We just found out today that when we leave this camp to go to Sweet Home to finish up that job (do you remember? I told you about it a couple of weeks ago) that we will pull up stakes here till next fall sometime. So my address will be Sweet Home for a while then I don’t know what. But we will continue to get mail cause the boss has a wife in Portland and they have only been married 2 or 3 years so he will want to get mail once in a while. Also there are official letters going and coming so it will be gotten some way. We have a forwarding address when we move so don’t worry about that.
I got a letter from Kingsley. I imagine Grandma A. has told you about him. The fighting is over there. He is a sergeant now from his address.
I’m glad to hear that you are going to get the old threshing machine out. I’d bet Harry wasn’t tho while he was shocking oats. I hope you’ns don’t work to hard tho. You will probably be well underway with the thrashing by the time you get this.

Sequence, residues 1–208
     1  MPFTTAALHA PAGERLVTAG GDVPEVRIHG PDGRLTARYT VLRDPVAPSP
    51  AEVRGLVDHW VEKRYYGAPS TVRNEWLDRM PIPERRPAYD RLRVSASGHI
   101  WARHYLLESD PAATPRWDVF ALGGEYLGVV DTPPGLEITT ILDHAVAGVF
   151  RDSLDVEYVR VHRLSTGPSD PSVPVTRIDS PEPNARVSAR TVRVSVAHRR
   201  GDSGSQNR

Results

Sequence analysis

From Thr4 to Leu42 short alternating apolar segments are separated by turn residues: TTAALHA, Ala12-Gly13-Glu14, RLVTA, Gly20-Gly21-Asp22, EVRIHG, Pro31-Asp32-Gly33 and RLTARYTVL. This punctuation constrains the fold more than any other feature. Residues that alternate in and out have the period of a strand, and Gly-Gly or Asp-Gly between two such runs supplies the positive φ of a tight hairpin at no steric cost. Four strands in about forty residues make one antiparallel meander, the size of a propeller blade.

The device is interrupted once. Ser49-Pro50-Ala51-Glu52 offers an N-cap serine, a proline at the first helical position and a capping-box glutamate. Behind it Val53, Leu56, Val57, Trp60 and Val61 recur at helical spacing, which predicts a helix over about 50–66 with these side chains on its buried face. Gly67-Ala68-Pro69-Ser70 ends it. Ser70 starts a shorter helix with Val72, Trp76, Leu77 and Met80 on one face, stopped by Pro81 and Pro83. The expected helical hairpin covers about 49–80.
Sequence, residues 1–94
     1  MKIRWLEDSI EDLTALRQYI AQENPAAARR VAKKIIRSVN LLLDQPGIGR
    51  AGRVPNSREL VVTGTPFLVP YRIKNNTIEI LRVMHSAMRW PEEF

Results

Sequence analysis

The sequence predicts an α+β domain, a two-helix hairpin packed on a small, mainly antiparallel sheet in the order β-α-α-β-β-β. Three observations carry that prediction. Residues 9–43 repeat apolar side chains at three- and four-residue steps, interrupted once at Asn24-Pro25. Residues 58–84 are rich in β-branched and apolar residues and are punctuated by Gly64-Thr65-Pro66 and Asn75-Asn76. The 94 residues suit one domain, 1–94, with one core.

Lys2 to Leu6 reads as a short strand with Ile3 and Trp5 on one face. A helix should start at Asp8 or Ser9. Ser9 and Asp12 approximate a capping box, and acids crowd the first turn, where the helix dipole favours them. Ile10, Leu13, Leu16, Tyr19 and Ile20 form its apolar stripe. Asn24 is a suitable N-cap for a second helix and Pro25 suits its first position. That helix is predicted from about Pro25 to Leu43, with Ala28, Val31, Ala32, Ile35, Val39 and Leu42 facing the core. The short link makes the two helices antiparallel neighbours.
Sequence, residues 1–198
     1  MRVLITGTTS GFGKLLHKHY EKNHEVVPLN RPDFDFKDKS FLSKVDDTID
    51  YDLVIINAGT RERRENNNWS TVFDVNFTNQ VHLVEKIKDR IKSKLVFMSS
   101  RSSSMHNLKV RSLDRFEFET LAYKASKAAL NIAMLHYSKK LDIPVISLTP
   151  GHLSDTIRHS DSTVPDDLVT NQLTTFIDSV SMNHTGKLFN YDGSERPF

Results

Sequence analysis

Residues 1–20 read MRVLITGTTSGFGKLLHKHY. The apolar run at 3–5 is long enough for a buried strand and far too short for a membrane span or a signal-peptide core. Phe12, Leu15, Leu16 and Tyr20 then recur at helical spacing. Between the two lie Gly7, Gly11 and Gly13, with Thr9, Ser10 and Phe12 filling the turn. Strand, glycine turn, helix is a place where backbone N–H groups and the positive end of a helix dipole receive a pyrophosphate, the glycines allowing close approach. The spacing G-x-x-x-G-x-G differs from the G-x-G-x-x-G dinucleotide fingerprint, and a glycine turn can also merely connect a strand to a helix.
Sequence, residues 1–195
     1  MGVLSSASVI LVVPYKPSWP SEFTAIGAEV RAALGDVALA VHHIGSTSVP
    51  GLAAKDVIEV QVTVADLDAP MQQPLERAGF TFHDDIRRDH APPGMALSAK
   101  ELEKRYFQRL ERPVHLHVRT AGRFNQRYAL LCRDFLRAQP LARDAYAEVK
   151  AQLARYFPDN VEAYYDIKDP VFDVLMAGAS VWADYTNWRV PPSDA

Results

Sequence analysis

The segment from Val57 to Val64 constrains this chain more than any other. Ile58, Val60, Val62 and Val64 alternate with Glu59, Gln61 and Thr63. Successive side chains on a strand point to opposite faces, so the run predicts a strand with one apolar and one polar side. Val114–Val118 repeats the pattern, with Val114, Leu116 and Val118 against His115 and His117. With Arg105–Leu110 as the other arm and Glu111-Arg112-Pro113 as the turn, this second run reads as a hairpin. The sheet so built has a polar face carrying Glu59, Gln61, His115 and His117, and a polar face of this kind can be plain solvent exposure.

I’ve fooled around trying to write this and it is time to go to bed now. We have had too many discussions this evening for me to write a good letter. I’ll try to do better next time.
We have a new cook now and tho he hasn’t much experience he is clean and will work so we get along fine.
I am going to the dentist some of these days, I told the office (C.P.S.) to make an appointment for me and the boss said I could take one of the trucks so that is it. I’ll find out what the bill will be and have you send me a check.